- For personality-driven and beloved brands, look for wit, wisdom, clues and insider info delivered to the deserving (See Colbert's and Borat's twitters).
- For live sports and entertainment event marketing, expect the Twitter to get you front-row. Currently, you can get stats, scores and news from NBA, NHL, MLB, and NFL teams pushed to you in real time. There's your Sunday ticket. For multi-venue music and film events like the New Orleans Jazz Fest or the Tribeca Film Festival, imagine quickly sharing the experience from your venue to your friends' devices next door, across town or even around the world.
- For promotional programs, Twitter can deliver clues, locations, events, program updates and other gambits in richer ways that better account for how consumers are connecting.
- For crisis management, think about having a Twitter deployment strategy to address breaking events between the news cycles. We would recommend having your Twitter available before it's needed, which brings up another implication.
- Domain/brand claims. As with your domain names a decade or so ago, and MySpace pages more recently, friends and foes are already starting to "squat" on your most intuitive name. Go forth and register your brands even if it precedes a communications strategy.
As you may imagine, bloggers are the fastest publishing group to adopt microblogging; we've got a list of formidable participants in the last section, people to watch on Twitter.
Notable entrants outside of the blogosphere:
New media publishers
Back in the early 1990s at Omnicom, we came up with the idea for a career portal and launched the first one with Career Mosaic. The premise was based on a simple media dynamic: We noticed that the internet -- at the time, mostly newsgroups, FTP and gopher sites -- was primarily organized through the lenses of love (and every variation on the theme), money (with Classifieds being the biggest draw) and hobbies. Expect love, money and hobbies to be connected in short-form and less formal ways through Twitter. More connections before an in-person meeting could develop greater trust, familiarity and confidence.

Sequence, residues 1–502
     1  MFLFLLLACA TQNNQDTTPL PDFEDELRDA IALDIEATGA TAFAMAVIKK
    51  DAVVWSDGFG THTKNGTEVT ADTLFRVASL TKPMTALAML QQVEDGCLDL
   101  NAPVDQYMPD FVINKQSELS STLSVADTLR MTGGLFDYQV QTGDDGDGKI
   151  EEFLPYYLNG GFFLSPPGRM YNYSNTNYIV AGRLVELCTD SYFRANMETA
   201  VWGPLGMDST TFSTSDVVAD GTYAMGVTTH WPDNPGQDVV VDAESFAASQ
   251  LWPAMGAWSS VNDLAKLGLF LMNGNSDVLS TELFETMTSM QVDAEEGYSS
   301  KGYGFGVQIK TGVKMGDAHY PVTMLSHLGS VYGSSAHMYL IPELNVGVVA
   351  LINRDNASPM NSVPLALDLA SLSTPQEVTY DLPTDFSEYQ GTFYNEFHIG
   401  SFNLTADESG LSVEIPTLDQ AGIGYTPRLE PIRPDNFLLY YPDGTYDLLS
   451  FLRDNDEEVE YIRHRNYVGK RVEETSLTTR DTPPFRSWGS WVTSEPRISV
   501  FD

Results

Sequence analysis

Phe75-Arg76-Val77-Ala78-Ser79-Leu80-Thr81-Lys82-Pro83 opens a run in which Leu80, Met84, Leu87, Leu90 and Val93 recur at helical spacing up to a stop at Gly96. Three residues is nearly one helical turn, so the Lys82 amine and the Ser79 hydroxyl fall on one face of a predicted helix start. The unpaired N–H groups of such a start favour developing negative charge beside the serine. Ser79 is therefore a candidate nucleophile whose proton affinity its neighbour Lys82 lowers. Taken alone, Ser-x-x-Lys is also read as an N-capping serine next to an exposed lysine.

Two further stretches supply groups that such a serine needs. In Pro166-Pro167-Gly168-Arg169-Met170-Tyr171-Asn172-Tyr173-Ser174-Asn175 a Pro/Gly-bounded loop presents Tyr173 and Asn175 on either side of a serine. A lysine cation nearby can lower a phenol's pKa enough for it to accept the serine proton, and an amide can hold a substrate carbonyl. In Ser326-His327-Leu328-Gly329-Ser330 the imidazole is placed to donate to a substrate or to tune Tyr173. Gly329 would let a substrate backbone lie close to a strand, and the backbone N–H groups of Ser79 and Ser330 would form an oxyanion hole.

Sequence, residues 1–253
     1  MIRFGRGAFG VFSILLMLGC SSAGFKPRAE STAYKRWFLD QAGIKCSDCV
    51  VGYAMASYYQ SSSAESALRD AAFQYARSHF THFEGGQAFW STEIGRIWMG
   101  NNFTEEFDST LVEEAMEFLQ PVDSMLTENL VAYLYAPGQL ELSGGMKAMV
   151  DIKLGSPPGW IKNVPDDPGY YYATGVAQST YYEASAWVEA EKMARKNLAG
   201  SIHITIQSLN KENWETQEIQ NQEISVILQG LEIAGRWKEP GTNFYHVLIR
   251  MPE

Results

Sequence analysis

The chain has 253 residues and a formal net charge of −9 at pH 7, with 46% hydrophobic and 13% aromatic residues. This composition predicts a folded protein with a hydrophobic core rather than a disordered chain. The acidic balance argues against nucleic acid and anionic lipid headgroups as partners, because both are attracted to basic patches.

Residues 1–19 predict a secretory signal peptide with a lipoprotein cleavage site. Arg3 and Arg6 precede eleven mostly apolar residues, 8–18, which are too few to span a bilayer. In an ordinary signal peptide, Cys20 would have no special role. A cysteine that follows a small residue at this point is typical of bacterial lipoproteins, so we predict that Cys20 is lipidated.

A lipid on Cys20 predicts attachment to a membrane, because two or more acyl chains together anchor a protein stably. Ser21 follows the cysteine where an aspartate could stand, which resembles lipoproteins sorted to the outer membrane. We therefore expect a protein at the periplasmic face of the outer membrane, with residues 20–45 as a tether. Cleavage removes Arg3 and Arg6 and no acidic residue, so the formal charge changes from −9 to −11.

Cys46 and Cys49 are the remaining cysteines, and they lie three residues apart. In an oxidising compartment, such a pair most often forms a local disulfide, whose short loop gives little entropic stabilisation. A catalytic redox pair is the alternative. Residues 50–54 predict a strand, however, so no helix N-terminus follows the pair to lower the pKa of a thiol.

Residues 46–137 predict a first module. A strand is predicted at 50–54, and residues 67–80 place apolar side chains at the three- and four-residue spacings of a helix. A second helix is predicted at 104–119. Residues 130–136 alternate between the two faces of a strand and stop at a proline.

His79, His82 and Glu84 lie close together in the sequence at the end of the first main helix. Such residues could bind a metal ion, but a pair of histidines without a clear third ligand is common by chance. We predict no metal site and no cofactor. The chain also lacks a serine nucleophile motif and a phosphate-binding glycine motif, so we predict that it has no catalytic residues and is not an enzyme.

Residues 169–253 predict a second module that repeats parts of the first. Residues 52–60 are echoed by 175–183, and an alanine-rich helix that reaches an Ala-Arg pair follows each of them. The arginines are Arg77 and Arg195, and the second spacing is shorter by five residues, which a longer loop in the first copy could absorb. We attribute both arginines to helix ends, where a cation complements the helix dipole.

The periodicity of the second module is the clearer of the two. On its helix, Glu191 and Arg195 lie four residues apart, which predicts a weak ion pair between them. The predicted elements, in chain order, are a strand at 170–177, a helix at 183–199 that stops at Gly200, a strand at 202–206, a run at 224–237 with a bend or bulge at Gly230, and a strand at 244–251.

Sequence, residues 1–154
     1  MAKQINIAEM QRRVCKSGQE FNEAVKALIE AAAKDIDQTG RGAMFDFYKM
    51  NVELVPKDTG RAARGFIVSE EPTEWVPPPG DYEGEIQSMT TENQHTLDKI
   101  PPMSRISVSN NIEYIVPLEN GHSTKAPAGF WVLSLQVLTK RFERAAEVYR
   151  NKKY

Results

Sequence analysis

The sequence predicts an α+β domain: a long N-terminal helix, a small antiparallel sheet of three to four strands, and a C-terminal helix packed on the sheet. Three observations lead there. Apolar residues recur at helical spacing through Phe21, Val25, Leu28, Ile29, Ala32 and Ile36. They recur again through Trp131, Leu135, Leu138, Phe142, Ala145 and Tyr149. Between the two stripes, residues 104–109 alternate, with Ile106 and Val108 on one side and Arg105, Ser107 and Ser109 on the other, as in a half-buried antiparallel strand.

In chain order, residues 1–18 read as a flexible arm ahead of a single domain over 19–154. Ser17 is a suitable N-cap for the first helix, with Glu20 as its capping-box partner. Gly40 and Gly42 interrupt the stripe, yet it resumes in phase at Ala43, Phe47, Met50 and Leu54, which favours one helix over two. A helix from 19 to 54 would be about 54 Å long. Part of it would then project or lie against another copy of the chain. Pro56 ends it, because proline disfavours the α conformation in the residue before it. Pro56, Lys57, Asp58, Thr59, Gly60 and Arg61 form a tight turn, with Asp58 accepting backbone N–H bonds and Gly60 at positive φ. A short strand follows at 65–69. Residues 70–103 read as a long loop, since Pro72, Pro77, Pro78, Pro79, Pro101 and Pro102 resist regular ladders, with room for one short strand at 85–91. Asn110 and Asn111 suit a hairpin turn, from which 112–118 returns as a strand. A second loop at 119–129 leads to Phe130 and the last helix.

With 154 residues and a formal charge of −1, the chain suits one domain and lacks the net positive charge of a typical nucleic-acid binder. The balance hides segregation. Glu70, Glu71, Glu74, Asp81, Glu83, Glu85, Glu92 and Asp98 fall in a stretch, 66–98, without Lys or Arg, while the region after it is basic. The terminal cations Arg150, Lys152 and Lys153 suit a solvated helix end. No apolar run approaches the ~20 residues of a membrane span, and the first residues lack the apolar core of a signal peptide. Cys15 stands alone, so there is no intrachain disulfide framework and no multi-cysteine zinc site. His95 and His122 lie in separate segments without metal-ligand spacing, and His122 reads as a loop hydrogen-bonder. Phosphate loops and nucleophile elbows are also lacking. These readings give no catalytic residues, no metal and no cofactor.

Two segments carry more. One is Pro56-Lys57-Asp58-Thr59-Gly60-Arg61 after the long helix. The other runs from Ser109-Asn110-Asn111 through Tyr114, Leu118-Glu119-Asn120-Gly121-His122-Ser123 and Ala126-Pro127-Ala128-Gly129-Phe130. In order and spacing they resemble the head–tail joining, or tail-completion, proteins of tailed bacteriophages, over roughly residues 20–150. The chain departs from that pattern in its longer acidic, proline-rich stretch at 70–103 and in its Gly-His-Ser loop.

- Winners here will be people practiced in the art of the sustained short-schmooze. In fact, this could really change that art, and could put a higher demand on substance.
- Think networking on steroids.
- Consider it a friends & family rollcall and alert system.
- For interdependent, interdisciplinary teams, this could be a killer client, teams and project communication tool ("alpha version on the staging servers!").
- Proceed with caution: it seems like an Artificial Intelligence engine can fake a Twitter session/persona pretty easily (similar to what we created for HBO with Da Ali G bot).
Faster, stronger, better truths and transparency
Anyone who got the flu last year knows how good new strains are at beating our defenses. It's the same with these evolving platforms. Twitter will challenge the PR and corporate communications groups in ways that will make blogs look like warm-ups.
- If you've got a closed work culture, consider it open. WIRED is covering the clash at Microsoft between its open developer's blog, Channel 9, and a culture that values secrecy as competitive advantage and survival.
- The Transparent CEO Story by Wired about Glenn Kelman of Redfin.